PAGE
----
A composite of all the major global temperature records via Skeptical Science.
The last decade was easily the hottest on record. We’ve known that sulfate aerosols (from volcanoes and/or Chinese coal) and the “the deepest solar minimum in nearly a century” masked the rate of warming somewhat.
Even so, NASA’s Goddard Institute for Space Studies (GISS), which probably has the best of the long temperature datasets, reported the 12-month running mean global temperature reached a new record in 2010. As a NASA analysis found: “We conclude that global temperature continued to rise rapidly in the past decade” and “there has been no reduction in the global warming trend of 0.15-0.20°C/decade that began in the late 1970s.”
But other datasets appeared to show a slight slowing in the rate of warming, though even that may have been due to flawed data, as in the case of the UK’s Hadley Center.
Scientists have long known that the overwhelming majority of human-caused warming was expected to go into the oceans (see figure below). And many have suspected that deep ocean warming has also been masking surface warming.
Now a new study led by led by the National Center for Atmospheric Research (NCAR) finds that may indeed be the case:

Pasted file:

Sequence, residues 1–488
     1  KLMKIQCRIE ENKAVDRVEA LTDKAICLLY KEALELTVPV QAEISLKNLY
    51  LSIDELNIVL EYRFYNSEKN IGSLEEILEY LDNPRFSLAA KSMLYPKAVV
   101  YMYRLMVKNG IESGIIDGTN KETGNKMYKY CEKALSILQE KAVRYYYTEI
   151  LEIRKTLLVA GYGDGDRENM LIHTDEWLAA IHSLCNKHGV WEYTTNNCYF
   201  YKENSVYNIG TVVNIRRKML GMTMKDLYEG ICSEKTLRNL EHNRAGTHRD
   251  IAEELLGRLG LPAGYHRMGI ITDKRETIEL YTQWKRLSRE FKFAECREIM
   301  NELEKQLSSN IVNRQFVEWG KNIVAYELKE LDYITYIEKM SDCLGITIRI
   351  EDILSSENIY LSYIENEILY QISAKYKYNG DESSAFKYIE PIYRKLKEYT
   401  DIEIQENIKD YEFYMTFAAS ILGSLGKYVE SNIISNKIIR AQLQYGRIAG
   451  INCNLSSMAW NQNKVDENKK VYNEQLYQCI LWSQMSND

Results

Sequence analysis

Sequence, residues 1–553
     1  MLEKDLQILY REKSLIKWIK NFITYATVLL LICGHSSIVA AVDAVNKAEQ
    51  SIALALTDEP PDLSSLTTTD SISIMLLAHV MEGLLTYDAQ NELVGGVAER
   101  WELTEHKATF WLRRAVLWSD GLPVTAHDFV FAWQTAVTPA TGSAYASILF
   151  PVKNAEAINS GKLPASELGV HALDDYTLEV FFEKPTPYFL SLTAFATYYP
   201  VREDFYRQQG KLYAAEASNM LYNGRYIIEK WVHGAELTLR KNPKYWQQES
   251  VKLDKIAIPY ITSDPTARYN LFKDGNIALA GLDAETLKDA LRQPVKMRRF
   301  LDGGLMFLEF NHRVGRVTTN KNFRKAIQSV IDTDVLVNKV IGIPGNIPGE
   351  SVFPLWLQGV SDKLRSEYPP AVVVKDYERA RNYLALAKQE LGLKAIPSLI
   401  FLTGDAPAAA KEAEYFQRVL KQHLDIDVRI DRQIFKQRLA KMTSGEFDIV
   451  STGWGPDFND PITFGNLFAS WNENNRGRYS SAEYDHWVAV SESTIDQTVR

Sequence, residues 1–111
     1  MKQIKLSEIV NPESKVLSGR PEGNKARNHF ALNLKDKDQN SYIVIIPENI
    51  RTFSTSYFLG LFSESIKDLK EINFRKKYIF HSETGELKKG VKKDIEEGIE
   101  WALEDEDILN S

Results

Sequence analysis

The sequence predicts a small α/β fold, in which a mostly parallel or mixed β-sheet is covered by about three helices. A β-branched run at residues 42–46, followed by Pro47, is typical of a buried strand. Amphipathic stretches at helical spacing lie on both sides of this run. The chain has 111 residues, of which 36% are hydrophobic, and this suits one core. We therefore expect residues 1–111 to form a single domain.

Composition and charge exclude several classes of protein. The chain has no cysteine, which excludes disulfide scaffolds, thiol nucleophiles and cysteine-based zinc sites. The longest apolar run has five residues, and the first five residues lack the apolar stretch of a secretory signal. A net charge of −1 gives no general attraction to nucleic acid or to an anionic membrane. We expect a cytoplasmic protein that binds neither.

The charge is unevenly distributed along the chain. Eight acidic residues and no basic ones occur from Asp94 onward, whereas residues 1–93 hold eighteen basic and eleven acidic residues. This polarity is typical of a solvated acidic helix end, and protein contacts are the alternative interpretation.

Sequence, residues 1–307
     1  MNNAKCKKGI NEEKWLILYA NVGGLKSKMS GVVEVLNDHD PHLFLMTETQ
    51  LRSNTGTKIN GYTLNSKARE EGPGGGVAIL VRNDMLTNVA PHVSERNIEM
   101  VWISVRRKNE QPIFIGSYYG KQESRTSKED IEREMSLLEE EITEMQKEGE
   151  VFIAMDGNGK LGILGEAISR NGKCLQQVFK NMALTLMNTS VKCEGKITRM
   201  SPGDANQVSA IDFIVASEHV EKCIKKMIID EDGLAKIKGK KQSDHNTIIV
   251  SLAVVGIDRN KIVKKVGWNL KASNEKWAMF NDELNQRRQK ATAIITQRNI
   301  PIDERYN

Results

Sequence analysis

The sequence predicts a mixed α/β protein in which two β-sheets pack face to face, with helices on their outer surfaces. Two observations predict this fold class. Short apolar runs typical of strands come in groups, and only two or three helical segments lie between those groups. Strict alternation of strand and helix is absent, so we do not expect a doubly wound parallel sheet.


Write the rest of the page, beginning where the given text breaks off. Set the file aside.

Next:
The planet’s deep oceans at times may absorb enough heat to flatten the rate of global warming for periods of as long as a decade even in the midst of longer-term warming….
The study, based on computer simulations of global climate, points to ocean layers deeper than 1,000 feet (300 meters) as the main location of the “missing heat” during periods such as the past decade when global air temperatures showed little trend. The findings also suggest that several more intervals like this can be expected over the next century, even as the trend toward overall warming continues….
“This study suggests the missing energy has indeed been buried in the ocean,” [coauthor Kevin] Trenberth says. “The heat has not disappeared, and so it cannot be ignored. It must have consequences.”
These potential consequences include accelerated warming in the coming decade and melting of the West Antarctic Ice Sheet. Let’s take these two in order.